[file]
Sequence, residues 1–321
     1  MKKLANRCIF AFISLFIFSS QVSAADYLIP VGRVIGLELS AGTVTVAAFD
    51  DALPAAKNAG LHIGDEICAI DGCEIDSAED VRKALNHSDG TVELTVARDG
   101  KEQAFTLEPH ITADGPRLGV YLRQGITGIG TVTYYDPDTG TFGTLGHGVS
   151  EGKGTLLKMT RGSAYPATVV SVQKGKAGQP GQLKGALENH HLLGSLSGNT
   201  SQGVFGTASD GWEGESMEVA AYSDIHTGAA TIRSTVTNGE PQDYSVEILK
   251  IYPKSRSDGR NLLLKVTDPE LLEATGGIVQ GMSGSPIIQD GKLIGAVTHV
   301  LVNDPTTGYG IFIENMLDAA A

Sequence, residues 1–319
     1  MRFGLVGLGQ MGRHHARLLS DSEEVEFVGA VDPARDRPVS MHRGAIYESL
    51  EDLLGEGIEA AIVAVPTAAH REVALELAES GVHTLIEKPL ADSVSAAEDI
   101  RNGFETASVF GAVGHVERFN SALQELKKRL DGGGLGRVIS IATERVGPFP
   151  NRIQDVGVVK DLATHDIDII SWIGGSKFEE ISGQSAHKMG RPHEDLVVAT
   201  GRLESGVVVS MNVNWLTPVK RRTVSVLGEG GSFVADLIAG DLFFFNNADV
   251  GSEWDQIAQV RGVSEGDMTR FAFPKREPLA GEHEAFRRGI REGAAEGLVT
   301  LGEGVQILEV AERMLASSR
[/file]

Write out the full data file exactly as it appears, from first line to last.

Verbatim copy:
Sequence, residues 1–321
     1  MKKLANRCIF AFISLFIFSS QVSAADYLIP VGRVIGLELS AGTVTVAAFD
    51  DALPAAKNAG LHIGDEICAI DGCEIDSAED VRKALNHSDG TVELTVARDG
   101  KEQAFTLEPH ITADGPRLGV YLRQGITGIG TVTYYDPDTG TFGTLGHGVS
   151  EGKGTLLKMT RGSAYPATVV SVQKGKAGQP GQLKGALENH HLLGSLSGNT
   201  SQGVFGTASD GWEGESMEVA AYSDIHTGAA TIRSTVTNGE PQDYSVEILK
   251  IYPKSRSDGR NLLLKVTDPE LLEATGGIVQ GMSGSPIIQD GKLIGAVTHV
   301  LVNDPTTGYG IFIENMLDAA A

Sequence, residues 1–319
     1  MRFGLVGLGQ MGRHHARLLS DSEEVEFVGA VDPARDRPVS MHRGAIYESL
    51  EDLLGEGIEA AIVAVPTAAH REVALELAES GVHTLIEKPL ADSVSAAEDI
   101  RNGFETASVF GAVGHVERFN SALQELKKRL DGGGLGRVIS IATERVGPFP
   151  NRIQDVGVVK DLATHDIDII SWIGGSKFEE ISGQSAHKMG RPHEDLVVAT
   201  GRLESGVVVS MNVNWLTPVK RRTVSVLGEG GSFVADLIAG DLFFFNNADV
   251  GSEWDQIAQV RGVSEGDMTR FAFPKREPLA GEHEAFRRGI REGAAEGLVT
   301  LGEGVQILEV AERMLASSR